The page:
Remember Radio Raheem? He’s the boom-box toting antagonist in Spike Lee’s Do the Right Thing who’s continually blasting Public Enemy’s “Fight the Power.” Raheem (Bill Nunn) manages to aggravate just about everyone he encounters on his odyssey through the 'hood, including the cats on the corner. Robin Harris as Sweet Dick Willie, Paul Benjamin as ML, and Frankie Faison as Coconut Kid play a veritable Greek chorus, and as Raheem rounds the corner sporting an outlandish new haircut and complaining of another perceived injustice, Harris bellows, “Why don’t you picket that barber who cut your hair, and put some Bobby “Blue” Bland on that box.”
I didn’t mind Raheem’s do, but I was in full accord with the request for "B-O-B-B-Y." Ever since I first purchased Two Steps from the Blues as a teenager, I’ve been a devoted fan of Bland’s exceptionally soulful singing and the downhome ritual of his shows. Few indeed are the performers who match Bland in creating such an intimate dialogue with listeners, his based on a shared sense of heartache and the healing power of sex; "I know just what you've been through," is how he puts it in "I'll Take Care of You," a 1959 single that remains a calling card. Speaking of rituals, when I hosted an R&B radio show in Worcester, MA in the '70's, I never came to work without a short stack of Robert Calvin Bland, as every Friday night the phones would light up with ladies requesting “Little Boy Blue" and "St. James Infirmary" and "Yield Not to Temptation."
Bobby Bland specializes in blues and ballads of a decidedly adult nature, by which I don’t mean R- or X-rated, of course, but mature, romantic, and hard won. Moreover, he does his thing solely as a singer, which may be the chief reason why he’s never fully crossed over in the way his longtime friend and collaborator B.B. King did with his guitar. Not that his music lacks for six-string dynamics, it's just that Bobby's left the guitar playing in the hands of such masters as Roy Gaines, Clarence Holliman, Wayne Bennett, and Mel Brown. As a singer, Bland utilizes everything from full-throated exhortations to nasal moans to whispered pleas to gutteral growls and snorts (this latter effect known as "The Squall"); and what he sings about is love and longing and cheatin' and lyin' and "When you got a backache, a little rubbin' will see you through, but when you got a heartache, there ain't nothin' you can do," and "When you hurt some, you gotta heal some," and "If you're gonna walk all over my love, at least take off your shoes," and “Further on up the road, someone’s gonna hurt you the way you hurt me,” and “You’re only Queen for a day."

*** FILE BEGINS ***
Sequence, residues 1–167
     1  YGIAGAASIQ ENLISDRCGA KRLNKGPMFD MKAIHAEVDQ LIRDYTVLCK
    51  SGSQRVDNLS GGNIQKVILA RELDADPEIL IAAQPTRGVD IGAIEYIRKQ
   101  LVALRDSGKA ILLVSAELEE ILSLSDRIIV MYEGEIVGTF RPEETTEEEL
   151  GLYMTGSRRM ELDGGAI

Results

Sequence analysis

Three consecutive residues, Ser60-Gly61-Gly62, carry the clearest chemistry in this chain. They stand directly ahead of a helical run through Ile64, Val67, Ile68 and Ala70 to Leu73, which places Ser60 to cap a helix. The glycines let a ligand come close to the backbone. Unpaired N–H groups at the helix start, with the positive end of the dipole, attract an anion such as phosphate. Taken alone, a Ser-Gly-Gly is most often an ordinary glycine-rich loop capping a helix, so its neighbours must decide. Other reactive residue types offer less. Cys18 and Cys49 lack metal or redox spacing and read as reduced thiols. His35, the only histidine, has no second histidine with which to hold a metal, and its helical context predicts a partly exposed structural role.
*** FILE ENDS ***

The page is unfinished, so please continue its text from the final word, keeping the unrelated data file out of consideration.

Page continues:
Bobby's 82nd birthday was on January 27. Here he is in peak form singing the Merle Haggard classic “Today I Started Loving You Again,” with the late Nashville legend Johnny Jones on guitar. And here he is in St. Louis with an audience favorite, "Members Only."